Risk of Data Security is Driving Data Center Strategies
The average cost of a data breach is $3.22 million. New government regulations are looking to put those costs on the operators.
No data center operator wants its data stolen, but recent legislation that would make data centers personally liable for a breach has the potential to change the future of the data center industry.
Virtual data centers—created through cloud-based technologies and collocation strategies—allow companies to host their data nearly anywhere in the world. However, most colocation providers don’t cover customers if their data are stolen, and if the colocation operator needs to provide security, it increases the costs by several orders of magnitude. If colocation operators are forced to provide liability, it could drive sensitive data back into on-premise data center sites, disrupting the current trend toward shared facilities.
The risk is startling: the average cost of a data center breach is $3.22 million, with lost or stolen devices accounting for the greatest impact on the average cost of breach to the business. With data breaches happening more frequently, companies are starting to take notice and demanding that a facility is secure before housing its data there.
“Colocation operators and on-site operators need to look at a comprehensive physical security strategy to minimize risk and liability,” said Matt Powers, Anixter’s Vice President of Global Marketing Technology. “The defense-in-depth strategy that uses a layered approach provides distance, time and scale to make access to mission-critical data difficult.”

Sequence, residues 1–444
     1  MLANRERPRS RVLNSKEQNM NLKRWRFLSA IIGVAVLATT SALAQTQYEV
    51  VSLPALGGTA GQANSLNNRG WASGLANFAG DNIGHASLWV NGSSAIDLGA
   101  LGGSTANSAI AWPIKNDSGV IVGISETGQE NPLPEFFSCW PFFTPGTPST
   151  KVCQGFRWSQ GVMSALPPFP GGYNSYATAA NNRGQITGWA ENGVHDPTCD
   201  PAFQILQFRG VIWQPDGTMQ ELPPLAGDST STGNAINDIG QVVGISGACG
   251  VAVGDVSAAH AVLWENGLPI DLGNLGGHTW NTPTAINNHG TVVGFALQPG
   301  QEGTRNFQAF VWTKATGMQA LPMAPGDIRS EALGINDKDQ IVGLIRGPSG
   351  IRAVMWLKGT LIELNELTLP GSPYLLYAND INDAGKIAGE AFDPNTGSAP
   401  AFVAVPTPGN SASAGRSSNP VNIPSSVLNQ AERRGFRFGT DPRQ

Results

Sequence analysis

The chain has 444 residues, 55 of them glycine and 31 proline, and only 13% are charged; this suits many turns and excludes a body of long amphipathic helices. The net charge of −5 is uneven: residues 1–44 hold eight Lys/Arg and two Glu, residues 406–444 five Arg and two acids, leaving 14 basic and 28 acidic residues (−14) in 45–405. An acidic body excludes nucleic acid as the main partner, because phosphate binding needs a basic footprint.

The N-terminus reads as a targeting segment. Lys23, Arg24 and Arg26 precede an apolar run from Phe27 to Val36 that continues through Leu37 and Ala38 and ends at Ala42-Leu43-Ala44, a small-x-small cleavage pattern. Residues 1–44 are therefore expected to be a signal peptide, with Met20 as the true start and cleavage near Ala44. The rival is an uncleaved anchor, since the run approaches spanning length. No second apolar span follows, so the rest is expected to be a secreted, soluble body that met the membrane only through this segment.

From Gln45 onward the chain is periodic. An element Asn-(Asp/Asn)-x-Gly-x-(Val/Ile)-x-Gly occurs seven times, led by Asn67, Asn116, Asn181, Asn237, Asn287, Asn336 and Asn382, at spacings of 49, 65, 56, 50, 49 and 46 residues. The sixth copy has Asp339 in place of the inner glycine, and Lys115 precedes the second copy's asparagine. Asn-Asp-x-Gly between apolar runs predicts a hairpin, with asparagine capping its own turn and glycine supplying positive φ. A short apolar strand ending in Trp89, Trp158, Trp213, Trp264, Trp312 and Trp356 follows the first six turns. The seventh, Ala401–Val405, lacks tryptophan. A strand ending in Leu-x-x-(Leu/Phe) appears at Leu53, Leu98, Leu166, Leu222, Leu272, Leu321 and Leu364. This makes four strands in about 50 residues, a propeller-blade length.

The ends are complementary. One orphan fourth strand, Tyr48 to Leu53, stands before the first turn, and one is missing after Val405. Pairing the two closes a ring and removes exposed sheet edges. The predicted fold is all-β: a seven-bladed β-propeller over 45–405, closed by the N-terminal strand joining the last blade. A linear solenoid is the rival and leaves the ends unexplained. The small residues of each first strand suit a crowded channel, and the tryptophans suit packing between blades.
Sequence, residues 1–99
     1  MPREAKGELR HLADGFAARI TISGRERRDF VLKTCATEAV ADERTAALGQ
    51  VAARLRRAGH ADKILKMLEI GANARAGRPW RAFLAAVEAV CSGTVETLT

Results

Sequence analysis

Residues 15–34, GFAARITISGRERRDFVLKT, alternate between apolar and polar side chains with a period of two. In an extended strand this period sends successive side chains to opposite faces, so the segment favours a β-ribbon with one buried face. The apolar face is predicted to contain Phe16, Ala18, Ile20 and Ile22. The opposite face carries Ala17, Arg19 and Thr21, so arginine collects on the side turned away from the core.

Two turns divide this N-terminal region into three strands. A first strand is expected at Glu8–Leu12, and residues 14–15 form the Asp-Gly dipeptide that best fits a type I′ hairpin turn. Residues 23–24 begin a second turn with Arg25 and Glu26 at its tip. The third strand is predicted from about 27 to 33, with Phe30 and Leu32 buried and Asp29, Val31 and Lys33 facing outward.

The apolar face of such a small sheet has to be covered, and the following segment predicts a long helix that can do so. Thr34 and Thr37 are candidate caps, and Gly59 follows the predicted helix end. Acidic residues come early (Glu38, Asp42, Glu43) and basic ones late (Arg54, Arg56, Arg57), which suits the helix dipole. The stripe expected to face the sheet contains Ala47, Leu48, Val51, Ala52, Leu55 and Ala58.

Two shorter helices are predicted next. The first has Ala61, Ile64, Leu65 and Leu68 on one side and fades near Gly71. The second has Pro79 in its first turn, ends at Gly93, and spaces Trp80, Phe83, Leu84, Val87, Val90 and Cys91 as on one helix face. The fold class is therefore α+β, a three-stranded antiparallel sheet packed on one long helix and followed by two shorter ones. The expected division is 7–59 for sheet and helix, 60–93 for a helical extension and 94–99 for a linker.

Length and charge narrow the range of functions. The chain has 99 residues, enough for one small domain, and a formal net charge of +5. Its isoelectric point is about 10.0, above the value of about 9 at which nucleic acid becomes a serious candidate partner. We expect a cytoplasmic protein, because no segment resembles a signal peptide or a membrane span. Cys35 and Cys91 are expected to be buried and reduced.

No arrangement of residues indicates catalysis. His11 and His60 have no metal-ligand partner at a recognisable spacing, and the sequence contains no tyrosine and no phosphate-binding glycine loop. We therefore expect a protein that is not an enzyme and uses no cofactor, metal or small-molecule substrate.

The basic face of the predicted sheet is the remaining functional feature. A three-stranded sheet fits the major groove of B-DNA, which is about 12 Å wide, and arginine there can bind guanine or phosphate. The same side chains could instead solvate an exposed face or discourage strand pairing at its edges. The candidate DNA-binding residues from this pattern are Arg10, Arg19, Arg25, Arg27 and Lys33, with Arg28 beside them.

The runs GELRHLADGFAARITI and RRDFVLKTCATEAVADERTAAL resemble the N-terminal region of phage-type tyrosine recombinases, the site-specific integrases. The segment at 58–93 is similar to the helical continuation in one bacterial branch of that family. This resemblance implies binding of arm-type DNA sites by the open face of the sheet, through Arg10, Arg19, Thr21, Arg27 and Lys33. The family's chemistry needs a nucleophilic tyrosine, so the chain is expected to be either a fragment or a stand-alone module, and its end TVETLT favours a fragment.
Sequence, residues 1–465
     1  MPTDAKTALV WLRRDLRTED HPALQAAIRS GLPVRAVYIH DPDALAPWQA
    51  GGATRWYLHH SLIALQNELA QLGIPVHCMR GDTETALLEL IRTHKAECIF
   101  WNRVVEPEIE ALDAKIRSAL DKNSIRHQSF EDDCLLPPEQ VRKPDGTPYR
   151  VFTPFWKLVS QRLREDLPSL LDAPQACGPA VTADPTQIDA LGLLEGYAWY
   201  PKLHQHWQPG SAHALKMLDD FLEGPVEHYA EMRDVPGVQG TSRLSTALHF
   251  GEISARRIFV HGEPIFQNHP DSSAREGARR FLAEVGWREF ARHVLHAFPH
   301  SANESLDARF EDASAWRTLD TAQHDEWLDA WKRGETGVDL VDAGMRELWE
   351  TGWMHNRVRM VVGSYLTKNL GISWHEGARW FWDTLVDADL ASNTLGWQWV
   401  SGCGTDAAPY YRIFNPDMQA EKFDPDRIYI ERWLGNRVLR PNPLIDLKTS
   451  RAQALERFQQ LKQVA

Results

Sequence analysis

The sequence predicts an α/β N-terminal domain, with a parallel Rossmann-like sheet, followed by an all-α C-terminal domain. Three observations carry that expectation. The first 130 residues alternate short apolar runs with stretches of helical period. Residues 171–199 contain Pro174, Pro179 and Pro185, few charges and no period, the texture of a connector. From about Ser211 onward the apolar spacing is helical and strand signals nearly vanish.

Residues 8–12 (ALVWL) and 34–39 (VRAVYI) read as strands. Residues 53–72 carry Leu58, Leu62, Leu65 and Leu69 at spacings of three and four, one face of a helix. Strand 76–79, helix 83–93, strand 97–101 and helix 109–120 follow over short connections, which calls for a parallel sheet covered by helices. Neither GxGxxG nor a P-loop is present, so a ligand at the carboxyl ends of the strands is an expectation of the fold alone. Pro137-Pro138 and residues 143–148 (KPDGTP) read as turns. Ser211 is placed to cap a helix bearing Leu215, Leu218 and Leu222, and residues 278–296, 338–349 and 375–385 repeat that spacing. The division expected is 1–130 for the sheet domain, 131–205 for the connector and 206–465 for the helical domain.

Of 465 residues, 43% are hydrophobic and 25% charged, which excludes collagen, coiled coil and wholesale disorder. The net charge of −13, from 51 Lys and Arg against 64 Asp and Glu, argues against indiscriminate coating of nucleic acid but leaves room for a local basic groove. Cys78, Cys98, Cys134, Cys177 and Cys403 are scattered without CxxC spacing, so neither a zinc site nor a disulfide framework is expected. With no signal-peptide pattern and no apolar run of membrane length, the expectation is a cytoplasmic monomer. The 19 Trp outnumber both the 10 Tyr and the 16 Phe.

Using a layered approach to data center security requires deterring, detecting, denying, delaying and defending at every level of the data center—from the perimeter to the cabinet. Anixter outlines this approach in a Global Technology Briefing with DatacenterDynamics. The report details a structured methodology to data center physical security that help mitigates the risk of breach.
As the concept of a data center blurs, organizations need to have a deeper understanding of where they need to host their applications and who is responsible for the security of the data. It’s apparent that complying with industry regulations is a necessary concern and one that will drive the future of the data center industry.
To learn more about Anixter’s layered security approach, download your copy of the Global Technology Briefing: Risk Management Best Practices.